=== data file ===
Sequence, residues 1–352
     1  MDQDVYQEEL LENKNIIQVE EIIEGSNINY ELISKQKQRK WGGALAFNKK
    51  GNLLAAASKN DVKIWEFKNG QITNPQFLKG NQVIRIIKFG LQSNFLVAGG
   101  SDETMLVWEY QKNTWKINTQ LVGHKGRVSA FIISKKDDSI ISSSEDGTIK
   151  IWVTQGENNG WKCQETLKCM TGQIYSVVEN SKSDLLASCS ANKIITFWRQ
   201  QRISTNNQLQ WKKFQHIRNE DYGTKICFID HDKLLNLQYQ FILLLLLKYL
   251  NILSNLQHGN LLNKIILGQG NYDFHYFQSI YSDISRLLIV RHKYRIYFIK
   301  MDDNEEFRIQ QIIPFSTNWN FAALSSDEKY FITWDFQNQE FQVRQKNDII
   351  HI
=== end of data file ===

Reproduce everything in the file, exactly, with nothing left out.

Sequence, residues 1–352
     1  MDQDVYQEEL LENKNIIQVE EIIEGSNINY ELISKQKQRK WGGALAFNKK
    51  GNLLAAASKN DVKIWEFKNG QITNPQFLKG NQVIRIIKFG LQSNFLVAGG
   101  SDETMLVWEY QKNTWKINTQ LVGHKGRVSA FIISKKDDSI ISSSEDGTIK
   151  IWVTQGENNG WKCQETLKCM TGQIYSVVEN SKSDLLASCS ANKIITFWRQ
   201  QRISTNNQLQ WKKFQHIRNE DYGTKICFID HDKLLNLQYQ FILLLLLKYL
   251  NILSNLQHGN LLNKIILGQG NYDFHYFQSI YSDISRLLIV RHKYRIYFIK
   301  MDDNEEFRIQ QIIPFSTNWN FAALSSDEKY FITWDFQNQE FQVRQKNDII
   351  HI